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Village MD: A Potential Solution to the Doctor-Patient Prisoner’s Dilemma

In the media today, it seems like there are two groups of people in the field of healthcare that constantly clash against each other, like a bitterly-married elderly couple trying to out-shout the other spouse, and they’re known as patients and doctors respectively. It seems like we all hear stories from our daily lives or the media that chronicles the disparity between the priorities of what one group wants and what the other group wants. Patients hurl accusations at doctors for ordering needless tests for profit, while doctors contend that the tests were necessary to avoid liability. The constant criticism of what’s being done wrong instead of what should be done to correct the problem ultimately erodes the quality of care that a patient receives and the ability of doctors to provide the care that a patient deserves.


Just why is it that doctors and patients can’t make peace with one another and work together to solve this problem together instead of conflicting needlessly? Perhaps it’s because each side has its own story with their own morals to tell, and the ultimate desire to tell their own side of the story is what’s eroding the patient-doctor trust and the quality of care that the patient receives (a situation in which neither side benefits). This is a clash that is only made even more pronounced with the recent trend within the healthcare industry from a fee-for-service model to a value-contracting model, essentially removing the incentive for doctors to run more tests for profit (and not necessarily for the benefit of the patient) and replacing that system with one that rewards doctors for giving “better” healthcare based on a set of criteria established in the contract.


However, what should be a change towards better healthcare and lower health costs is actually brought down by the fact that most contracts evaluate doctors with healthcare satisfaction surveys filled out by patients after receiving care. From this, a form of doctor-patient prisoner’s dilemma appears, where doctors are given incentive to provide a short-term solution to a patient’s problems rather than to treat the patient properly. If a patient comes in demanding a certain treatment to their perceived problem, it is almost always in the interest of the doctor to proscribe the treatment being demanded regardless of whether it would be beneficial (or detrimental) to the patient lest they receive a negative response on the patient survey (a situation in which the doctor always loses out). This is the dilemma that doctors (and patients) are finding themselves in, where patients are given short-term treatments instead of receiving quality care by physicians hamstringed by the surveys where they are practically incentivized to cave into the demands of their patients. The doctors find themselves forced into a dominant strategy of providing the treatments demanded by the patients (rather than what’s best for them). The lack of a proper system in place to prevent this prisoner’s dilemma stops doctors from truly providing quality healthcare to patients, and simply results in inferior healthcare in the long run. The field of healthcare is always changing however, and the basis of value-based contracting remains a viable alternative if done right.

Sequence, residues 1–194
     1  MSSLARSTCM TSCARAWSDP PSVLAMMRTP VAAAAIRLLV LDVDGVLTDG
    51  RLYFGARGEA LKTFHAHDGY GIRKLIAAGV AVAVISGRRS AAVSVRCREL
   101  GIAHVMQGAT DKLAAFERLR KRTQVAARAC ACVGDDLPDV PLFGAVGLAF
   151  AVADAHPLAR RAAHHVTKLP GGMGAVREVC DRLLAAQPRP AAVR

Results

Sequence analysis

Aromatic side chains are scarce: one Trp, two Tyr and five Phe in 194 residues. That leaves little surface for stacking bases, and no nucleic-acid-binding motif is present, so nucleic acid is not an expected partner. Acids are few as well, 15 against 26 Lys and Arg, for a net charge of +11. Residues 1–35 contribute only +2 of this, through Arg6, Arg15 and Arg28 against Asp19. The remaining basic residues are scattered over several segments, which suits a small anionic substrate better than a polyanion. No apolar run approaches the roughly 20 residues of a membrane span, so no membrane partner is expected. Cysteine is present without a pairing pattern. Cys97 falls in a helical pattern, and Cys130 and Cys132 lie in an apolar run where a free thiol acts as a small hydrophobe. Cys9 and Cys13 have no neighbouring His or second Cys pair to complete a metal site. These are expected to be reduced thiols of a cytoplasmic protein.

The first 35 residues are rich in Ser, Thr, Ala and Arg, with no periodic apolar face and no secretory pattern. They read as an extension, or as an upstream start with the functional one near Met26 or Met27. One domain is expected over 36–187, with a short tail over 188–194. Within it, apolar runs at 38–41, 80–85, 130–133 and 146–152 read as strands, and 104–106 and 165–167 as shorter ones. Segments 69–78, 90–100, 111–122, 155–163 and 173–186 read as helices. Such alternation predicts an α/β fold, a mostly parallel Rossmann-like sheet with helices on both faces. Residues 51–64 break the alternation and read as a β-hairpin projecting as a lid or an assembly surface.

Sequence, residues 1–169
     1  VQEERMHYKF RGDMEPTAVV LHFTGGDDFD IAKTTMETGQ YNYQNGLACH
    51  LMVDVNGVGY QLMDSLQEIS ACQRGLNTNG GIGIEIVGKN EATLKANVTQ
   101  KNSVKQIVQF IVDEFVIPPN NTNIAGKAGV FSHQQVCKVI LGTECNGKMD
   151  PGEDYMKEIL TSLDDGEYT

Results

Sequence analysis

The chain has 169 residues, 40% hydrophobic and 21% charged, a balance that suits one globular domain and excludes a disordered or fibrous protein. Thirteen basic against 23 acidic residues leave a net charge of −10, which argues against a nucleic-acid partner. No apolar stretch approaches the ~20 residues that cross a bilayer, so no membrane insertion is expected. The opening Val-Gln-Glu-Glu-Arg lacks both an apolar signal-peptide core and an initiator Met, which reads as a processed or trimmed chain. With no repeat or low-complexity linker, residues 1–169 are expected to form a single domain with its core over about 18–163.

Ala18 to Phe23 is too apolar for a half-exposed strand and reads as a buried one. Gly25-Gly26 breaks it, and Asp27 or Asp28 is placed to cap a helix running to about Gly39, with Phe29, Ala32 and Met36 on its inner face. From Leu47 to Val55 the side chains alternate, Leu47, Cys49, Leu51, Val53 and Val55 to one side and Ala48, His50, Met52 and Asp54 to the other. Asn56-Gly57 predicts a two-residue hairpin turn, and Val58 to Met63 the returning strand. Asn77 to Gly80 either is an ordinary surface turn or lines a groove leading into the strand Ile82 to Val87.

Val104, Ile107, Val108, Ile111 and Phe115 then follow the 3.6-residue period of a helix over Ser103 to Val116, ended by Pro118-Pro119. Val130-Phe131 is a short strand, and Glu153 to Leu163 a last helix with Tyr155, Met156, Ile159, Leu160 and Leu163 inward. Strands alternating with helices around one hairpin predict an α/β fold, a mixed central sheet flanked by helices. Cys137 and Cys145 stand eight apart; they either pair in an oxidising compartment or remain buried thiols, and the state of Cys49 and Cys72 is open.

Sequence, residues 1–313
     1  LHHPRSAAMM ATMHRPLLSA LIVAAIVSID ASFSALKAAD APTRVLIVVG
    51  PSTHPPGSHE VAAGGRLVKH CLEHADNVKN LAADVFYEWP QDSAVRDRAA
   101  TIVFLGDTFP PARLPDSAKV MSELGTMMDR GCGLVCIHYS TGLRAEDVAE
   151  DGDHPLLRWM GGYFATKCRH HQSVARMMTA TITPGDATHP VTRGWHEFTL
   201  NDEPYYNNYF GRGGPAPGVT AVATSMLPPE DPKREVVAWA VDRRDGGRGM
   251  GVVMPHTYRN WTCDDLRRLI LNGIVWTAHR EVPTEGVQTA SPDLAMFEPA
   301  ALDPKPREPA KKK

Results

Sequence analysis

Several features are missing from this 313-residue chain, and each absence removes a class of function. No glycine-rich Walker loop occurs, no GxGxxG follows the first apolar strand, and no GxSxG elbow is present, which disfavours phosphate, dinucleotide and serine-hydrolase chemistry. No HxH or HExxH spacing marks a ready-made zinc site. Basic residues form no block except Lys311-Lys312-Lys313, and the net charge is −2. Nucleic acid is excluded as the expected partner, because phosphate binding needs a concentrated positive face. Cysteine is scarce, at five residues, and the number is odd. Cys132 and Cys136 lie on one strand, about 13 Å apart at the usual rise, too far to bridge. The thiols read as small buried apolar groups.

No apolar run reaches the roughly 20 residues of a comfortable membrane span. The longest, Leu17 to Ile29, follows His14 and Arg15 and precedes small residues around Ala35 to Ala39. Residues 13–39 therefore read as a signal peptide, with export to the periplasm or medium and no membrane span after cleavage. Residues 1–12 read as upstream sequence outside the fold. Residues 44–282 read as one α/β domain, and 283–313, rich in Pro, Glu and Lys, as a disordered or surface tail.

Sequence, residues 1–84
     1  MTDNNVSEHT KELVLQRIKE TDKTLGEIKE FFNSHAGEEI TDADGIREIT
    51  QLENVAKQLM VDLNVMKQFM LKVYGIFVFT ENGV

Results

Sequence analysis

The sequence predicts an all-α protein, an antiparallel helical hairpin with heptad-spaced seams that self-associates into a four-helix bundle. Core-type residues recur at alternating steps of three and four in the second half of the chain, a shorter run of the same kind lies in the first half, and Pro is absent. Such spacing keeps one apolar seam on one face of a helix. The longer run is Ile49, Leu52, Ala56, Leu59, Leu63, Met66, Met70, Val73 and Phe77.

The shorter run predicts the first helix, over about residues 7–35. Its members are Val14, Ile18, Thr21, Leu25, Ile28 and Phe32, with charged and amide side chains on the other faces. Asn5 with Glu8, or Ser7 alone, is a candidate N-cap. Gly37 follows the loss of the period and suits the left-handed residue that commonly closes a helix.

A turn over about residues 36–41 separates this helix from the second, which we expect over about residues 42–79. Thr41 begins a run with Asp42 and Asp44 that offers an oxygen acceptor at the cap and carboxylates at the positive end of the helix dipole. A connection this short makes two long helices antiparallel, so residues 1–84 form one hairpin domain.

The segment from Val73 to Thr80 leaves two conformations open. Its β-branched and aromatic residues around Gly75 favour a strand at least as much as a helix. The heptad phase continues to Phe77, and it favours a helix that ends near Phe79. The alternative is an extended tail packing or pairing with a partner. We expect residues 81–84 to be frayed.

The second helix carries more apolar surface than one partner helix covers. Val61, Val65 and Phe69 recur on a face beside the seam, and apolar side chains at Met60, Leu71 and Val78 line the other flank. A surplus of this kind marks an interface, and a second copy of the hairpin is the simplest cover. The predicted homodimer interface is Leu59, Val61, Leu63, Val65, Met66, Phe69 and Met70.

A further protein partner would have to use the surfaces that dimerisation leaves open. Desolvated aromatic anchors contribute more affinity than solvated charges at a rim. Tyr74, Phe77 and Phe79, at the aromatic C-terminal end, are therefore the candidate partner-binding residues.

VillageMD Model of Care

VillageMD Model of Care



A possible solution to the doctor-patient prisoner’s dilemma comes in the form of a startup company known as VillageMD, a platform created with the purpose of assisting physicians thrive in value-based contracting and streamlining the process of treating patients so as to allow physicians to build closer relationships with patients to work on a quality treatment that satisfies both doctor and patient. By avoiding the pitfalls of relying solely on patient-based surveys to determine quality of healthcare, VillageMD provides a service that allows physicians to make data-driven decisions in providing better healthcare at lower costs to the patient, and creates a culture that promotes strong relationships between patient and doctors with a financial and care system that supports it. The doctor-patient prisoner’s dilemma is a problem that can be solved by offering a new outlook on the doctor-patient relationship paradigm and resolving the conflict with alternate methods of evaluation of the quality of care provided by a physician.


Source Links:

VillageMD Empowering Physicians To Focus on What Matters Most

Community Health Network partners with VillageMD to form new company and deliver innovative primary care model in Indiana

How the doctor-patient relationship has  become a prisoner’s dilemma

The Key to Transitioning From Fee-for-Service to Value-based Reimbursements


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September 2015